According to a new report from the Council of the Great City Schools (CGCS), students in the nation’s biggest cities are improving their performance on state and national tests but are still scoring below state averages. However, the report, Beating the Odds: Analysis of Student Performance on State Assessments and NAEP, also finds that urban districts are demonstrating faster growth in improving math and reading scores than are states.
“The study presents the best available picture of how American’s urban public schools are performing on state tests and strongly suggests that they are making substantial progress in both reading and mathematics,” says CGCS Executive Director Michael Casserly. “But there’s still a long road ahead as urban schools are making noticeable gains.”
The study finds that 88 percent of districts increased the percentage of eighth-grade students who scored at or above proficient in math between 2006 and 2009. Additionally, approximately 60 percent of districts have exhibited faster growth than states in improving eighth-grade mathematic scores. However, in 2009, only 11 percent of urban districts had eighth-grade proficiency rates that were equal to or greater than their respective state, a decline of 7 percent since 2006, as shown in the chart above.
In reading, 71 percent of urban districts increased the percentage of eighth-grade students who scored at or above proficient between 2006 and 2009, and over one quarter of the districts increased the percentage of eighth-graders who scored at or above proficient by greater than 10 percentage points. Moreover, about 49 percent of districts have exhibited faster rates of improvement in increasing eighth-grade reading scores than have states. Yet urban districts continued to trail state averages. Only 10 percent of Great City School districts had eighth-grade reading proficiency rates that were equal to or greater than their states.
Beating the Odds also finds that racial and achievement gaps are improving in urban areas.1 In eighth-grade math, 62 percent of urban school districts narrowed the achievement gap between black students in their district and their respective state average for white students; 69 percent did so for Hispanic and white students; and 60 percent narrowed the gap between their economically disadvantaged students and non-economically disadvantaged students.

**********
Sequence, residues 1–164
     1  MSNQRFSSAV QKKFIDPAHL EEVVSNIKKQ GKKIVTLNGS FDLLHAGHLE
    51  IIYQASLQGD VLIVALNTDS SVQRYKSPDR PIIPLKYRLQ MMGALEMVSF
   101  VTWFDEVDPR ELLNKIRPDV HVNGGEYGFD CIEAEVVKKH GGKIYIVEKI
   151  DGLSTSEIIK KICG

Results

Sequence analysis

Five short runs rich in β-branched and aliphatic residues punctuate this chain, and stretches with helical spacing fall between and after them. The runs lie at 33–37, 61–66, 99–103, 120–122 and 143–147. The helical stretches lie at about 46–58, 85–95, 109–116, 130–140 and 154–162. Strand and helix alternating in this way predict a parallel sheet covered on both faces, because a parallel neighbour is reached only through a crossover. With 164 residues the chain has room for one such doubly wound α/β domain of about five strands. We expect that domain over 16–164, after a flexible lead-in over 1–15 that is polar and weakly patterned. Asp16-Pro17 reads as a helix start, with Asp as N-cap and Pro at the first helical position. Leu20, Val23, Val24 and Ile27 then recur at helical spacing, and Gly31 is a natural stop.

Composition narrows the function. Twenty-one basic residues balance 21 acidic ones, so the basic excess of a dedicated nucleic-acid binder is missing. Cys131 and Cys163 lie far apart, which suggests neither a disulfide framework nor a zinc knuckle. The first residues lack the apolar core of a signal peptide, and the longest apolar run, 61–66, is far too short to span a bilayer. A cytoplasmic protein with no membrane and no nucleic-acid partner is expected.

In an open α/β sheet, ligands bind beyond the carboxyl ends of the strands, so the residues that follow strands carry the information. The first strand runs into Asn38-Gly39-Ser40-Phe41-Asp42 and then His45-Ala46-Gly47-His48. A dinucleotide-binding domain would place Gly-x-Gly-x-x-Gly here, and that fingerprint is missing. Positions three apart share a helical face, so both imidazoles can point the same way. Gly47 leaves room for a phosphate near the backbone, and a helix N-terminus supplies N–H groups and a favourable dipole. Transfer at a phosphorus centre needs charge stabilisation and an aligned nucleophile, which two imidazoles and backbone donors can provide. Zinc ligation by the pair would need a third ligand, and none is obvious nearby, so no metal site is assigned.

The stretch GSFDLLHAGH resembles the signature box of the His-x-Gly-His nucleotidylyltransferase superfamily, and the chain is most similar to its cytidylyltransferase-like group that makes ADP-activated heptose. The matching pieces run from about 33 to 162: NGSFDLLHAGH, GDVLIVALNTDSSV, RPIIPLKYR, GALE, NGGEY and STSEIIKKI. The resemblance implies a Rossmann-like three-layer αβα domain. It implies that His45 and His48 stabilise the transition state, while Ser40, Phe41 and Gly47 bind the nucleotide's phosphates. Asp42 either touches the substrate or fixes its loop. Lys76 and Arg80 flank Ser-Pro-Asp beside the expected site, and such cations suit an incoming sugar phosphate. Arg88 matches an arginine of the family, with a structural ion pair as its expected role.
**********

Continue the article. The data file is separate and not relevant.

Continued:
The progress in narrowing the achievement gap in eighth-grade reading was slightly less significant. Fifty-three percent of urban school districts narrowed the achievement gap between black students in their district and their respective state average for white students; 53 percent narrowed the gap between Hispanic and white students; and 43 percent narrowed the gap between economically disadvantaged and non-economically disadvantaged students.
The report also compares urban student performance on the National Assessment of Educational Progess (NAEP) with national student performance on the test. At the eighth-grade level in math, the percentage of students from large cities who scored at or above proficient increased from 19 percent in 2005 to 24 percent in 2009. Nationally, eighth graders who scored at or above proficient increased 5 percentage points—28 percent in 2005 to 33 percent in 2009. There were several big city school districts that outperformed schools nationwide in mathematics. For example, 39 percent of Austin’s eighth graders scored at or above proficient. However, from 2005 to 2007, there was no progress observed nationally or in large city schools in eighth-grade reading.
In total, the study represents sixty-five city school systems in thirty-seven states and the District of Columbia. To read the complete report, visit http://www.cgcs.org/Pubs/BT9.pdf.
1 The report defines achievement gaps as the difference between the proficiency rates of a given student group in the district and their comparison group statewide. This method was employed to avoid pitting students in the same district against one another and to take into account that some cities have very few white or economically advantaged students to count toward the comparison.